5 Tips for Your Brand’s Walmart Content Strategy

Walmart Content Strategy
Walmart Content Strategy

A strong content strategy is crucial to any brand’s marketplace presence. In the past, we’ve shared many posts about content on Amazon. But today, we’re here to share our point of view and strategic direction for content on Walmart. Because, while the value of content on either channel is the same, Walmart has its nuances to consider. Continue reading for quick tips to leverage in your brand’s Walmart content strategy.

1. Don’t Forget the Shelf Description 

On Amazon, the search results are always changing as the channel tests new tactics and features. And, in part, how well a brand ranks is determined by the quality of its product detail page optimization. 

The same is true on Walmart.com, but there is one nuance brands should be aware of, the shelf description. A product’s shelf description displays within the list view of Walmart’s search results.

Walmart Content Strategy
Walmart Content Strategy

Shelf descriptions provide brands an opportunity to leverage their strongest keywords. Usually, one or two will suffice and trigger Walmart’s algorithm.

2. Invest in Enhanced Content if Possible 

Not so long ago, on the Marketplace Strategy blog, we answered the question; Are Amazon A+ Pages worth your brand’s time? In short, the answer is yes, and the sentiment applies to Walmart as well. 

Below the fold on a product detail page, shoppers will find a product’s version of an Amazon A+ Page. This feature allows brands to include video, charts, additional images, and more. It’s a chance to reiterate to a shopper why they should purchase your product.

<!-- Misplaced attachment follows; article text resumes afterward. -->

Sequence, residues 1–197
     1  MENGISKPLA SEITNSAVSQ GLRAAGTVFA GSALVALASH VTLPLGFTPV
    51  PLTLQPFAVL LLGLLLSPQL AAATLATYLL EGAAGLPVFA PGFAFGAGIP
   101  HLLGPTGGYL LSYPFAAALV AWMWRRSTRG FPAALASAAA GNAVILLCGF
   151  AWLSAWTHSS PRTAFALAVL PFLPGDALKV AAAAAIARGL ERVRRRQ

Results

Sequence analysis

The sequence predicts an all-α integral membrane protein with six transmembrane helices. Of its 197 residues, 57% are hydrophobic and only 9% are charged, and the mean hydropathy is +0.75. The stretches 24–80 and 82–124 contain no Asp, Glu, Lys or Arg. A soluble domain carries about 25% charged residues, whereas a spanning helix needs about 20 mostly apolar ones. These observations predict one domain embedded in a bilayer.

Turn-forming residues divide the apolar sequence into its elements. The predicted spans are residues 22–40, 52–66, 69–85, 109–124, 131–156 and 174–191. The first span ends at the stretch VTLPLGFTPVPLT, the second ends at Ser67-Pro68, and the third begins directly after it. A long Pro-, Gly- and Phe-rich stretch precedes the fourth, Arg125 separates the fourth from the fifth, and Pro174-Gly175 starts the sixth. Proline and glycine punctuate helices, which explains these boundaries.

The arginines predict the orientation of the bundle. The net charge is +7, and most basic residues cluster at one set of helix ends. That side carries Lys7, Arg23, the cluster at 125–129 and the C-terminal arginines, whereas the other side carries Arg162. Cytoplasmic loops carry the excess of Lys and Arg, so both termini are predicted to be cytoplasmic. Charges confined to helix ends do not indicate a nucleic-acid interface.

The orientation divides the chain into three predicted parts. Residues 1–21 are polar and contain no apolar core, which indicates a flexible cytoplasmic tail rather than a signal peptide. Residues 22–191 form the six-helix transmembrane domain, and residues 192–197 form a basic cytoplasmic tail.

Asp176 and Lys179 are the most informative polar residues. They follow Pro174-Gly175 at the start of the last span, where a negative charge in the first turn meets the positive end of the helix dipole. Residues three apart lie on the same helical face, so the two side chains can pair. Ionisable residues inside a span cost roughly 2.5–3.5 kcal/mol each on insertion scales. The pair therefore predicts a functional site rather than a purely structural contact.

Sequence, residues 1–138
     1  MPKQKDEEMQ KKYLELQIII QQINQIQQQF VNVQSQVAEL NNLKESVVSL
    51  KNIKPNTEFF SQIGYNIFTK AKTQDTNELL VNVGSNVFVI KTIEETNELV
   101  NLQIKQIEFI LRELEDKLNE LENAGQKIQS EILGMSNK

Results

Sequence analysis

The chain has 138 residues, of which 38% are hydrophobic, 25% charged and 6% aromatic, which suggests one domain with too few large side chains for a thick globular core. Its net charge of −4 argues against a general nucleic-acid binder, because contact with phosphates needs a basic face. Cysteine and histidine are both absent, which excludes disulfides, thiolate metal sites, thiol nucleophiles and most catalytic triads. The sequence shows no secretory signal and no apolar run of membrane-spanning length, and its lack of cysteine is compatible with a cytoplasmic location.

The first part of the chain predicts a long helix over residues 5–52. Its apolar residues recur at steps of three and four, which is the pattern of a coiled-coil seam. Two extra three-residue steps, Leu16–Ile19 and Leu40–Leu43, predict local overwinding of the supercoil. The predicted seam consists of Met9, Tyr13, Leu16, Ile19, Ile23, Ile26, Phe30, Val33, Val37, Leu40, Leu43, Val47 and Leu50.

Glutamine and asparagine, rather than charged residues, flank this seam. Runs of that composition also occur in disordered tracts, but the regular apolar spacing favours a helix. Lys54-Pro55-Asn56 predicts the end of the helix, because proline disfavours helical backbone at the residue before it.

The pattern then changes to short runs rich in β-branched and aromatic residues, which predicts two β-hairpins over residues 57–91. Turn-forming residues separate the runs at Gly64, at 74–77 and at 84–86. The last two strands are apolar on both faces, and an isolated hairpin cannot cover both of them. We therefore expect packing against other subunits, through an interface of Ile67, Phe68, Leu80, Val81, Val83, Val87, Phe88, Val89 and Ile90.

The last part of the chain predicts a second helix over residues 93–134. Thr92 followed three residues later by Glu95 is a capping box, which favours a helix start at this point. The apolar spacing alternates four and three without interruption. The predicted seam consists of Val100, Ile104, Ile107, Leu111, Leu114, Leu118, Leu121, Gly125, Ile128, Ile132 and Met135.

3. Understand Content Ownership 

An interesting caveat to content on Walmart is ownership of product detail pages. Most of the time brands will have complete control of their listings. However, this changes if a product loses the Buy Box. 

We’ve discussed losing the Buy Box on Amazon before, and most of the same rules apply. But, it’s important to note, pricing plays a larger role in content ownership on Walmart.

4. Consider Length Recommendations 

As alluded to before, Walmart has length limitations for aspects of a product detail page. But, when given a maximum character count, this doesn’t mean the set number of characters is required. Sometimes it makes sense to use fewer characters for the sake of user experience. 

Nevertheless, brands are tasked with effectively balancing keywords and generic terms within limited space. Below are a few of the most common length recommendations. 

  • Title: Between 50 and 75 characters 
  • Bullets/ Key Features: Between 5 and 7 bullets that are between 50 and 75 characters  
  • Short Description: Between 500 and 1,000 characters
  • Long Description: Between 250 and 300 words 
  • Shelf Description: 200 character limit with best results found when using between 50 and 75 characters  

5. Diversify Product Image Libraries 

Finally, arguably one of the most impactful elements of a product detail page on any marketplace, the image library. All images used to showcase a product should be high-quality. And, on Walmart, the main image needs to have a white background, similar to Amazon. 

At MPS, we often use Cambridge style images for our Amazon and Walmart clients. They’ve proved to increase clicks and conversions, even on mobile devices. We also recommend using a number of image types including products in a setting, lifestyle images, and typographic images. Not only does this help engage shoppers, but using a variety of image types will help educate consumers and lead to a purchase decision.

When using a holistic approach to any marketplace, a strong content strategy is absolutely necessary. Content and creative not only affects a product and brand’s performance on the channel, but it can make or break a brand’s reputation among shoppers and competitors.

If you could use the support of a strategic partner, schedule a free consultation. And, as always, we’re here to answer any questions about your marketplace strategy. 

Walmart Content Strategy
Hannah West

Hannah West